Thanks to the World Wide Web, the way we shop, pay and how long we’re willing to wait for delivery have changed in every imaginable way. Blame it on Amazon and it’s ability to get customers every conceivable product possible within two days, or sometimes, even in the same day. As a result of the rise of e-commerce, unprecedented demands are now placed on asset management systems. Companies that refuse to adapt end up with weak links in their supply chain and find themselves unable to meet the challenges of e-commerce growth.
So, as warehouses continue to grow and become more complex, what should businesses be thinking about as they enter 2017? Consider starting with these five factors—or risk being cut from global competition:
Automation, automation, automation
This isn’t the first time you’ve heard about automation, so why do we keep talking about it? Because a proper automated inventory tracking software will balance your inventory ratio, costs of goods sold divided by average inventory, in real-time. Think about how big and complex distribution centers are today. Think about how fast consumers want their purchases. Now think about how much money you’re losing if your business’ ratio is too low, meaning you’re spending too much on inventory and not selling fast enough, or if ratio is too high, meaning you have insufficient inventory. Having an automated system makes it easier to switch and ramp up or slow down and strategize, when needed.
Related Article: Barcodes and Asset Management Along the Global Supply ChainAn important part of automation is the usage of barcode scanners which can significantly streamline processes, turn sluggish sales around and achieve productivity and profitability. In fact, a VDC Report found that the “the average annual growth in the 2D imaging sector is likely to be in the region of 17 to 22 percent.” Using an effective barcode scanning system in your warehouse can expedite processing and correspond accurate data in real-time—everything from price, available inventory and sometimes even photos or instructions—so you now know everything that’s moving in your warehouse for an error-free process.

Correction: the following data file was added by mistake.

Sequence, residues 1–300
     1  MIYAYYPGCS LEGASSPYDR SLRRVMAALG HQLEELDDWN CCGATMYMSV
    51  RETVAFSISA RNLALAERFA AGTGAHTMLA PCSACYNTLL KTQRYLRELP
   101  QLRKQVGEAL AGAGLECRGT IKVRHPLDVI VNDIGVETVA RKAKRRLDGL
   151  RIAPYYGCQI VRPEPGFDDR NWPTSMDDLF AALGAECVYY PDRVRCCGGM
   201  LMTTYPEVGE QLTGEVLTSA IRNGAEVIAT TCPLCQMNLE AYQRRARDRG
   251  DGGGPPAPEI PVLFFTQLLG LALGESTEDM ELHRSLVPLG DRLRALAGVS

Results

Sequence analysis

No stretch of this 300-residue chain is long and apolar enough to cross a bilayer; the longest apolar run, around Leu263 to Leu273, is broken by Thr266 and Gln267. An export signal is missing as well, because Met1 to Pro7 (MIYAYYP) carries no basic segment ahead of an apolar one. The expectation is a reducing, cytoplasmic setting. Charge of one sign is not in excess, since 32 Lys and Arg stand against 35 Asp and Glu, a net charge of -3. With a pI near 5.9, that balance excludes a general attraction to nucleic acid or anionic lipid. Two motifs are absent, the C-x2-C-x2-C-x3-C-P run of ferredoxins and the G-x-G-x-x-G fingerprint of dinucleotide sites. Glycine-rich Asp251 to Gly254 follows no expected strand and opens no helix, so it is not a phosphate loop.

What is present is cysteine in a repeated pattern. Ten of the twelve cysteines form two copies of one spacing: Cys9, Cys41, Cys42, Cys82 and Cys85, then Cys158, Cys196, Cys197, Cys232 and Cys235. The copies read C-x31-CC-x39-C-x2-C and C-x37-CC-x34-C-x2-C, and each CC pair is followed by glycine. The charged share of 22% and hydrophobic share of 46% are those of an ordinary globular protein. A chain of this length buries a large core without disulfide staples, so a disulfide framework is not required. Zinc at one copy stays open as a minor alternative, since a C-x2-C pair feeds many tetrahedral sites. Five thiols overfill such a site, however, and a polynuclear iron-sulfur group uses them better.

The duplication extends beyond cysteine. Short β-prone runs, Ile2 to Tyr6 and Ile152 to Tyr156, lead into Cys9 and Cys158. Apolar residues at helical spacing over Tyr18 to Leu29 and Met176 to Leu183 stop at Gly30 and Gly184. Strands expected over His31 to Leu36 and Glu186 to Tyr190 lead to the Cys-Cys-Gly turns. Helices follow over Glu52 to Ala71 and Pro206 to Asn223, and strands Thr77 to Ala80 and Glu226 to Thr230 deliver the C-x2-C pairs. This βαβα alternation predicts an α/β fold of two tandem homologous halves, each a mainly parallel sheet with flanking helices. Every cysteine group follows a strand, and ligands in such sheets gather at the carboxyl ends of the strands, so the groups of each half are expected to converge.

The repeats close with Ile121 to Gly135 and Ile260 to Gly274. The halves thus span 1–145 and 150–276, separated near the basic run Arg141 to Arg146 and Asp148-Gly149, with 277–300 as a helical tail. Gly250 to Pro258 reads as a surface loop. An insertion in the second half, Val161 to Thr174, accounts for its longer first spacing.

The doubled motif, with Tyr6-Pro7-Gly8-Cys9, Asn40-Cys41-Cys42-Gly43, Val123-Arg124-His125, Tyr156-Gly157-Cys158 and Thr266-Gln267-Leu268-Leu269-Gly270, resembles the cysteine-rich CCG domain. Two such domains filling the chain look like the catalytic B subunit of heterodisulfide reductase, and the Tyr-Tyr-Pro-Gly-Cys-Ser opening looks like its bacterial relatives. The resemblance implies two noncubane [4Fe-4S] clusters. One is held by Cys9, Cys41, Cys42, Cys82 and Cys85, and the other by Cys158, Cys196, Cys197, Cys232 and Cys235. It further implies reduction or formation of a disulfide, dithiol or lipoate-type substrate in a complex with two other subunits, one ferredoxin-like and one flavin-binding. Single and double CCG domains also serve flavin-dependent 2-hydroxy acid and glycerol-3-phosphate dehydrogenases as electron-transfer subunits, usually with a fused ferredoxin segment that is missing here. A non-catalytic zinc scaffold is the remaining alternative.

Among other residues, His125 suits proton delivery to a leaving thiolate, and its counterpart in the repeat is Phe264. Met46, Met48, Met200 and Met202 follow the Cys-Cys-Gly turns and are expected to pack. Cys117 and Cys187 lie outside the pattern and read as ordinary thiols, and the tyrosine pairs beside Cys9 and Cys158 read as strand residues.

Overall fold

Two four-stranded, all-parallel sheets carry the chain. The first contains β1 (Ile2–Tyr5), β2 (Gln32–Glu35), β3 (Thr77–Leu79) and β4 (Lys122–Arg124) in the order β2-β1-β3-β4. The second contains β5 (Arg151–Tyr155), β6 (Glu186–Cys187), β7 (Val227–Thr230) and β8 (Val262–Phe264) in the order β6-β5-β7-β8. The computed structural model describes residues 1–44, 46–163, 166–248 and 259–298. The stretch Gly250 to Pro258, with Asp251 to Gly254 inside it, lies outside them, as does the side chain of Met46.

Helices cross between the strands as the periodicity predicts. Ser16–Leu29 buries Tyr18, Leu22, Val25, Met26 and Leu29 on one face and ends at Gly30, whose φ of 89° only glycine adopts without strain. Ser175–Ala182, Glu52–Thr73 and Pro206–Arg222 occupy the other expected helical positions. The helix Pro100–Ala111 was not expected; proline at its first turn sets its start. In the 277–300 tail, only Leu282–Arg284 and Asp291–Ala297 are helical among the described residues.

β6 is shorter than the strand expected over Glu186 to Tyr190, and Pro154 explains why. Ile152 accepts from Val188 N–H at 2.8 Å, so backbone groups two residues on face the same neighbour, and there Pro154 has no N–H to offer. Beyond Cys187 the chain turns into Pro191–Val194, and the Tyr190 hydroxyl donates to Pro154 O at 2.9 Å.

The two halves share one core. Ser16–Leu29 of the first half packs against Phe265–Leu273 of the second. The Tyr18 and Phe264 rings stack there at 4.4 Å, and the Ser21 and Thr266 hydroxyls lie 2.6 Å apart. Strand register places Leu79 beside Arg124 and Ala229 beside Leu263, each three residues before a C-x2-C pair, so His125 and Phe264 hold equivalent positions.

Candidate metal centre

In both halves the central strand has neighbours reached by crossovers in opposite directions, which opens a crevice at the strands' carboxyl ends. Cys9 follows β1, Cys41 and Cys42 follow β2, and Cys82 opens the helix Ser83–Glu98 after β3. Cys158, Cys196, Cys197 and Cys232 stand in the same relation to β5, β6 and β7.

Mobility is the new normal
According to eMarketer, there was an estimated 1.75 billion smartphone users in 2015, which is about 25 percent of the total population. By 2017, that number is expected to reach closer to 40 percent of the total population. When we think about the impact of smartphones, then it’s easy to ask: why wouldn’t mobile play a role in supply chain management? That’s what Wal-Mart asked itself when losing $3 billion in 2013 after years of inadequate supply chains leading to excess goods surging past sales. Something needed to change, so earlier this year, the retail giant launched My Productivity app, which allows managers to access real-time data from their smartphones. This means that without leaving the sales floor, managers are able to restock items and access sales.
If businesses are going to understand customers, they need to get the way they think and behave. Today’s consumers are browsing and making purchases anytime, anywhere, and they’re increasingly doing it on mobile devices every year. So why wouldn’t business also be conducted this way? (Read this article for more on barcode scanners for iPhone and Android)
Continuity of customer experience
The future of commerce is all about creating a connected customer experience. From laptops to tablets to smartphones, customers want the same seamless, personalized experience—without interruptions—when they go from one device to another. For instance, if you start watching a Netflix movie on your laptop, but later want to finish the movie on your tablet, you’d want to be able to pick up right where you left off. Supply chains should also be built and managed with continuity in mind. Whether a customer is shopping on their laptop or mobile device, their customer experience with your business should remain the same. This means wherever they are in the world, whatever business location they’re shopping from, it shouldn’t be a problem. This is a harder than it sounds for larger businesses with multiple warehouses across the country or globe. If you have separate inventories, you need a proper asset management system to coordinate experience and communication.
Robotics are coming for your goods